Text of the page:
Zurich Malaysia is running a campaign called ‘Eat Right To Play Right’, using football (soccer) as a platform to help tackle childhood obesity. Our partnership with World Vision allowed us to train community coaches to get kids active, whilst teaching them about the importance of a healthy, balanced diet.

Malaysia has a concerning number of children, who are either obese due to eating too much junk food, or undernourished through lack of healthy staple foods. By empowering our employees and community leaders to become coaches, and help change behaviours, Zurich is already seeing the health of children improve through our annual health checks.

July 18, 2017

The new ‘typical’ Aussie, household debt skyrockets, and how to catch a Millennial

The 2016 Census results were recently released and painted a very interesting picture of modern Australia. And while many of us won’t easily forget the #censusfail, which saw a huge drop in the number of respondents this time around – as well as some reportedly dubious information from some of those who did – there are still some important things we can learn from the 2016 results. We now have a clearer picture of the ‘typical’ Australian.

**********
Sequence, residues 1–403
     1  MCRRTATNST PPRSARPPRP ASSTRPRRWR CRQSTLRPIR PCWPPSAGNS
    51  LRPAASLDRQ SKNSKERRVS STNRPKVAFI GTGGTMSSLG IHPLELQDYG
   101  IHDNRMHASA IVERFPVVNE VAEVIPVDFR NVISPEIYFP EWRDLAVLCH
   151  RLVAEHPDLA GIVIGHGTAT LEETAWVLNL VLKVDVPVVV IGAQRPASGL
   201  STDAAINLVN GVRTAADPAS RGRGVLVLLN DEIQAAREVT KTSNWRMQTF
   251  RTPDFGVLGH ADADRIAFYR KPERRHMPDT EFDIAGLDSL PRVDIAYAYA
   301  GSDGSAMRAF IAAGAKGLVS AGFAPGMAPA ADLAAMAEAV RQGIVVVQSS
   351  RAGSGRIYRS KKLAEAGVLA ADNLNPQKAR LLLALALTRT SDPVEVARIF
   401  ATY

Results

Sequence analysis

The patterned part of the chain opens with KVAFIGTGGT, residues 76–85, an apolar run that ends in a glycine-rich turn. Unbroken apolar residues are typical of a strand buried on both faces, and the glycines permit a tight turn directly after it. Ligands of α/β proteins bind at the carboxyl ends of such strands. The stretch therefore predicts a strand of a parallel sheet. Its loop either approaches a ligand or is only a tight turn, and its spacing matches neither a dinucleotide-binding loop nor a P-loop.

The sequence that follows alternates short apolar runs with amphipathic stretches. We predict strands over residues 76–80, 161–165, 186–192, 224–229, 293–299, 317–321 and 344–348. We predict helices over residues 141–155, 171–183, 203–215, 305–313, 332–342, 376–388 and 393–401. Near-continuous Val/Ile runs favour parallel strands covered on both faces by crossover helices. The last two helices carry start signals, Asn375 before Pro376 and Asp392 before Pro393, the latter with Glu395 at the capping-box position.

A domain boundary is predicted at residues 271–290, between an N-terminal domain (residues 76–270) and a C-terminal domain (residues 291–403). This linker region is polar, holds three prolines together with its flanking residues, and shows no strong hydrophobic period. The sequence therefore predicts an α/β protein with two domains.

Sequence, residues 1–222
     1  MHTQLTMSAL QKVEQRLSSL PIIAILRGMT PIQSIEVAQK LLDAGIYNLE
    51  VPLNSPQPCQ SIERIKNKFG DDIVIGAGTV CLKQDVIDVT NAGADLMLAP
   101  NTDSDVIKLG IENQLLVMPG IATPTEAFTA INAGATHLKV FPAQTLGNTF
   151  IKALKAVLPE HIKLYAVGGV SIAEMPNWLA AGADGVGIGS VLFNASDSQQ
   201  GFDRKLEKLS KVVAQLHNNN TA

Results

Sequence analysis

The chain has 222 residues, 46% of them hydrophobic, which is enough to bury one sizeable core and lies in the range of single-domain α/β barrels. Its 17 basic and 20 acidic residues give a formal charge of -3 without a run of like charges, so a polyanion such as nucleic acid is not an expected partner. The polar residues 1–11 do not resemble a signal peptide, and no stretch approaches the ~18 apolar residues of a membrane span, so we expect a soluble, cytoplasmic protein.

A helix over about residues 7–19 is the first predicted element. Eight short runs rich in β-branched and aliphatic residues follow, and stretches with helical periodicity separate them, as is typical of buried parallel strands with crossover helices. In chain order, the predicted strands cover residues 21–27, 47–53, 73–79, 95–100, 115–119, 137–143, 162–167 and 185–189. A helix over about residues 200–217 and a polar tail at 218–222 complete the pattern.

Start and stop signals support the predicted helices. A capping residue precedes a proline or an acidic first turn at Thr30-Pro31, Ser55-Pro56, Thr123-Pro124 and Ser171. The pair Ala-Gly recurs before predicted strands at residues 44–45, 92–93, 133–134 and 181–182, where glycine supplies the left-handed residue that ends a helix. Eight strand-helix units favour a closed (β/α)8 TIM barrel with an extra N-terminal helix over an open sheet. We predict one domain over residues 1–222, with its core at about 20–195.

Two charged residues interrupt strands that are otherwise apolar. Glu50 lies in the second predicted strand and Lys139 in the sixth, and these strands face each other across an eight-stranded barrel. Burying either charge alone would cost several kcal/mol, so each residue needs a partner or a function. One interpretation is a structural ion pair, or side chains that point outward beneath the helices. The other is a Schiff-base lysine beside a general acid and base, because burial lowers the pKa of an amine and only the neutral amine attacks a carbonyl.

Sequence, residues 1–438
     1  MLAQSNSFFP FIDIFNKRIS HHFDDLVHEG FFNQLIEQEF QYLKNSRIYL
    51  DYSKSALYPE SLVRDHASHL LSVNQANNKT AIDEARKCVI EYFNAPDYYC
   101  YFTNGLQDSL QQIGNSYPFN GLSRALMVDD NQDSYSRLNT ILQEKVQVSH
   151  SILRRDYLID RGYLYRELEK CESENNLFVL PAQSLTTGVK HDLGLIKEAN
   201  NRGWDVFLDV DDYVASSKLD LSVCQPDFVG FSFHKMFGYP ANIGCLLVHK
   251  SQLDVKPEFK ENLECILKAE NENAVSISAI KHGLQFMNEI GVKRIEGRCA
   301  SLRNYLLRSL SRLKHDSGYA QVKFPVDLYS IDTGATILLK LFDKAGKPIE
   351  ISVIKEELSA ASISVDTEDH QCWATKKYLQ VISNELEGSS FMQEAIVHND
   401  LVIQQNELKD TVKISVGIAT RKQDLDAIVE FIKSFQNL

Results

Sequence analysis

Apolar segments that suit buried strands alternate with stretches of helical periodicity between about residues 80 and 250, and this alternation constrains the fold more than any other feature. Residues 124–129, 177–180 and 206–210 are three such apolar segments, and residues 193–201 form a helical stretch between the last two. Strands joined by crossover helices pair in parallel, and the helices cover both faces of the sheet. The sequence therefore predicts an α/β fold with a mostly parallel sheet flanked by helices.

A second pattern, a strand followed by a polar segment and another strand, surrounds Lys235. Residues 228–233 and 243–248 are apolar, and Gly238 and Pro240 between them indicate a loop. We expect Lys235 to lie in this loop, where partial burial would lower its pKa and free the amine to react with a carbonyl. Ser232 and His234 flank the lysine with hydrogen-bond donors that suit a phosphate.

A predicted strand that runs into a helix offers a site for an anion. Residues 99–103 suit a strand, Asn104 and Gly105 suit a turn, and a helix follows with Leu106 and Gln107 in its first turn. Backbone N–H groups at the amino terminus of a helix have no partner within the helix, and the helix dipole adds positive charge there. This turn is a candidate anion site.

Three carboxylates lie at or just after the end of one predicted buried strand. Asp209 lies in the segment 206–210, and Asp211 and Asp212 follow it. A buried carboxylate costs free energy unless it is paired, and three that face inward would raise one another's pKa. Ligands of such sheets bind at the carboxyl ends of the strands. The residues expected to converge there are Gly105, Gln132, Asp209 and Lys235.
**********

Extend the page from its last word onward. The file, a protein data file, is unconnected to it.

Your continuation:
July 18, 2017

Intergenerational Advice Part 1: the opportunity worth chasing

Like most developed countries, Australia is facing the challenge of an ageing population. It is estimated that by 2020 there will be more 65 year olds than one year olds in Australia, leading to a complete inversion of the “population pyramid”.

July 18, 2017

Household debt reaches the highest highs: are your clients covered?

The decision by the Reserve Bank to leave the cash rate on hold for the eleventh month in a row has surprised few. Even more unsurprising may be the news that Australians’ level of household debt has reached historical highs, at 190% of disposable income.

July 18, 2017

Important updates to our Trauma definitions

We are proud of our excellent reputation at Zurich in providing the highest standards of service to our valued advisers and their customers, and are committed to our goal to become Australia’s most trusted life insurer.